Demystifying the Rave Scene: Let's Talk About The Negative Raver Stigma

| April 18, 2017

There is a negative stigma that exists around raves and their attendees. As most of my articles go, I want to open with a story. It was a Thursday night and I was at work, slinging drinks across a bar and pouring draft beers. I was playing some big room house music and a customer asked if I liked that “electronic noise.” I told him that I did and that I attended festivals, raves and club shows whenever I could. Then this customer gives me a long look and said (verbatim) “Oh. You’re one of those kids.” 

It was the emphatic ‘those’ that gave me pause.

It’s easy for folks outside of the EDM community to assume that ravers are essentially all the same kind of person. Loves EDM. Wears kandi. Swings around light up poi balls. I’ve read more articles than I care to admit that have headlines like “The Ten People You Will Meet at EDC” or “Five Ravers You Want to Befriend.” These articles perpetuate an erroneous belief that ravers come from one cookie cutter archetype. An archetype that is usually negative. Society sees ravers as partying kids. They all drink, they all smoke weed, they don’t have any career aspirations. Wrong, wrong, wrong.

We are all incredibly different human beings who are united with a shared love of electronic dance music and the welcoming community and sense of family that it creates. We are activists, medical students, shufflers, army veterans, bartenders, glovers, teachers, music producers, writers, engineers. We go to work, buy groceries and pay bills.

Some of the ravers that I’ve met and befriended are some of the most driven and intelligent people that I’ve ever had the privilege to meet. Ravers are among the kindest and most empathetic people that I’ve ever met and probably ever will meet. Many are hardworking, generous and extraordinarily passionate, and about more than just EDM. So, the stigma that ravers are all spoiled kids with no real jobs continues to baffle me.

EDM events aren’t cheap, I can definitely admit that. But the rave fairy doesn’t leave tickets to EDC under our pillows at night. I know ravers who’ve taken extra jobs just to afford big events. Many of us work hard to earn these events.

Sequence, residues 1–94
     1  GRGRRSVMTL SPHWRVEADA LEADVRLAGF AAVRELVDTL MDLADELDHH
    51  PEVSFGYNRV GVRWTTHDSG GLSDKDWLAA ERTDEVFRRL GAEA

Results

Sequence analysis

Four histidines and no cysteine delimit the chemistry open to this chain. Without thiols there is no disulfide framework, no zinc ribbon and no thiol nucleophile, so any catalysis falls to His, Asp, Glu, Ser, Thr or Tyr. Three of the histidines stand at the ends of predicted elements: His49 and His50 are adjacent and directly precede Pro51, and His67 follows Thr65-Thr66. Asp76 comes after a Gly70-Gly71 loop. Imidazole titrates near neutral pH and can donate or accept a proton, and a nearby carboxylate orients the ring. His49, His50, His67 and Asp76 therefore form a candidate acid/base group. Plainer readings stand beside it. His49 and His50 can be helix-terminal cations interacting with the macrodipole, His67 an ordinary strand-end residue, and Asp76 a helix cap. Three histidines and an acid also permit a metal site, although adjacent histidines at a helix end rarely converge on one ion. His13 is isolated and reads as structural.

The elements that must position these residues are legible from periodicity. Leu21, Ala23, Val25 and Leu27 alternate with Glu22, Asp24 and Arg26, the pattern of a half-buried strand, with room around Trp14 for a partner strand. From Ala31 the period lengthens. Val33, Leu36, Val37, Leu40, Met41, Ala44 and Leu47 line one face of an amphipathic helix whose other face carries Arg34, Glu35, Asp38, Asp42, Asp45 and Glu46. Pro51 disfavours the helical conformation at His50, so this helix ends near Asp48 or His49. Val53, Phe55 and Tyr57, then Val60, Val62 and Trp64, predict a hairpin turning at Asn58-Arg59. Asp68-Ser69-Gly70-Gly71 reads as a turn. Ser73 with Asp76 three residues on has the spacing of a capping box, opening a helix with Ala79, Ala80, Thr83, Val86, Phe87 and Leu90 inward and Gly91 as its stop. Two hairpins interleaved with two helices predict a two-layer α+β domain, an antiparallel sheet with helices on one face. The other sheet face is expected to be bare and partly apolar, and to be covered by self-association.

The essential identity of a raver is constantly in flux. We all contribute to the EDM scene and all of our unique and diverse personalities and experiences coalesce to form the constantly changing identity of a raver. As ravers, we do have some things in common. Some of us glove, some shuffle, some craft kandi masks, some make DIY rave outfits. But no matter how we choose to express our love and admiration for the EDM scene, there is no quintessential raver.

At the end of the day, the raver stigma needs to be debunked. We are contributing members of society. We could be anyone out there- your barista, your Uber driver, the student next to you on the subway, your server at the place you had brunch. So the next time someone tells you that they’re a raver don’t say “Oh. You’re one of those kids.” 

Want to learn a little bit more about the neon-colored, bass-boosted world of raving? Check out our Demystifying the Rave Scene Series. We have articles on kandi, outfits, light show etiquette, why we go to raves, the art of DJ-ing and more. Already a rave veteran? Show your love for the scene with our EDM specific tanks and tops.

about the writer

Lindsay Moriyama

Lindsey Moriyama

Read More...Lindsey was born and raised in Honolulu, Hawaii but now she lives, writes, bartends and stretches paychecks in New York City.

Illenium, Gareth Emery and Porter Robinson are her favorites, but you'll find her at any EDM event in any borough. A lover of every genre from trance to dubstep, you can find her on the fringes of a crowd gloving, dancing and bringing good vibes. A PLURR fairy, basshead, trance child and kandi kid all in one, this scene is her world.

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